The spread of the flu from a journalist’s perspective
A week ago, we weren’t talking about the flu. Friday morning, it will be sprawled across our front page and was already covered in our York City Limits blog. The flu epidemic it seems, cropped up almost literally overnight. Or rather, the media firestorm of flu coverage cropped up overnight.
I was working an overnight reporting shift when I saw reports coming across various media outlets about the start of a high intensity flu season. The State Department of Health had recently released its stats for December. The department listed “widespread” flu activity, with more than 220 confirmed cases in York County and four deaths statewide.
Since then, we’ve jumped on the story. Over the course of the last week, we’ve run coverage from the Associated Press and our partners at Digital First Media on the web and in our paper, as Night News and Digital Media journalist Mike Spiro and reporter Stephanie Reighart worked on localizing the outbreak.
As always, we reached out to official sources for our coverage, but we also solicited feedback on our Facebook page. The post generated 35 comments, many of which were about more than the just the flu. In quick thoughts of a couple of paragraphs or less, people posted about first-time pregnancies, worrying about the best ways to protect an unborn child, parenting a sick kid and refusing the flu shot because of a distrust of official or governmental reports, a sentiment that has pervaded stories and commentary at our paper this year. The comments offered a way of humanizing the event, taking it beyond the economic or medical impact, as well as a way of showing how one big event ultimately ties into many smaller stories.
The comments that resonated most with me simply said: “Never had it. Never got the shot.” I’m one of those. I didn’t get the flu shot. I’m sitting at my desk pumping out information on the spread of the virus and crowded emergency rooms, but the thought of getting vaccinated never crossed my mind. I failed to apply the common sense recommended by many the officials I interviewed because I often become ensconced in my role as an observer. I remove myself from the situation.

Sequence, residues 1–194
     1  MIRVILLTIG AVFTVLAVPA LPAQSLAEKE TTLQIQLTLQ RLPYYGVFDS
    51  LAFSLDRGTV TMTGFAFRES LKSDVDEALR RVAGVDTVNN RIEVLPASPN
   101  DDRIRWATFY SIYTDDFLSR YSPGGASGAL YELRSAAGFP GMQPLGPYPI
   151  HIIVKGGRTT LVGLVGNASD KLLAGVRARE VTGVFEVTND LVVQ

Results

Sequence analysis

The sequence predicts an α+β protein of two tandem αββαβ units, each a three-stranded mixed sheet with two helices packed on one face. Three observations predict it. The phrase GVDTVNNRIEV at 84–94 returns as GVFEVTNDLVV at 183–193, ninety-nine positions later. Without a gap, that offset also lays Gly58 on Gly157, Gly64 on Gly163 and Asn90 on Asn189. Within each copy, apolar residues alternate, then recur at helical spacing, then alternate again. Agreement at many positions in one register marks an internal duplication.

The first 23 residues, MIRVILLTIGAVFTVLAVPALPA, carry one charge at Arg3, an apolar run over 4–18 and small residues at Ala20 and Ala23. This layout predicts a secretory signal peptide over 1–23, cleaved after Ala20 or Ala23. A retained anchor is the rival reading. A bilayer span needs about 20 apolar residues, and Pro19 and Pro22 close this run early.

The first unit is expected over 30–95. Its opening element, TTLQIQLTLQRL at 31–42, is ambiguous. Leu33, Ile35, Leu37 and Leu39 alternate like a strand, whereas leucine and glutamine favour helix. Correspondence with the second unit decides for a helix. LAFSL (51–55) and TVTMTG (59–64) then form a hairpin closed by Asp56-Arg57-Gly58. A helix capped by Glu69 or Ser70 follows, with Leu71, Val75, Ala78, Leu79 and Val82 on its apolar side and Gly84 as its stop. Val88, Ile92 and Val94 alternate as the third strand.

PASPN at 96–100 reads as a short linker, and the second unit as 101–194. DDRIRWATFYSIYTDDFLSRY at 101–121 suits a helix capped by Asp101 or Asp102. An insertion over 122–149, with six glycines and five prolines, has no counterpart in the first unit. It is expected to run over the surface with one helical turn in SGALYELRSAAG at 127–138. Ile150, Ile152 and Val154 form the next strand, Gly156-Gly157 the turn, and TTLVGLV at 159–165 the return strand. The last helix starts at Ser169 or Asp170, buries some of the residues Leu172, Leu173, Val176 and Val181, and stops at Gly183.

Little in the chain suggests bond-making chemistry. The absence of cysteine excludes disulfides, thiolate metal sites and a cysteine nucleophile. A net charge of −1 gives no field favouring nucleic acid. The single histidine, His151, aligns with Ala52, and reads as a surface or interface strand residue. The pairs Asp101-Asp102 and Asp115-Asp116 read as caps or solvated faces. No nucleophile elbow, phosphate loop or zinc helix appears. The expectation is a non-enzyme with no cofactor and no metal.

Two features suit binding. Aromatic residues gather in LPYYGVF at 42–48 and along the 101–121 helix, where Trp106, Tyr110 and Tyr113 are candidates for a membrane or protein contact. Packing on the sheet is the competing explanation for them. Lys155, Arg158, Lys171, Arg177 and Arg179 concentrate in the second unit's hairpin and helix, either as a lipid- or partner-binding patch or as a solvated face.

I’m a new journalist, just out of college. I started working with YDR this summer, and this is the first national news story I’ve helped to break and then watched unfold. What I thought would see maybe a day of coverage and fade from the paper is now verging on an epidemic. And as our newsroom harnessed resources to put out reliable, accurate and timely information, and worried about deadlines, inch counts and photos, 18 others in the state, including one in York County, died.
Reporting on something like the flu is a reminder of the way we, as journalists, work in a kind of limbo. We’re covering things that also affect ourselves, and as we report facts, statements, officials and numbers, we’re also talking about people’s lives. And yet, in order to do our job, it’s often becomes necessary, at least momentarily, to forget all that.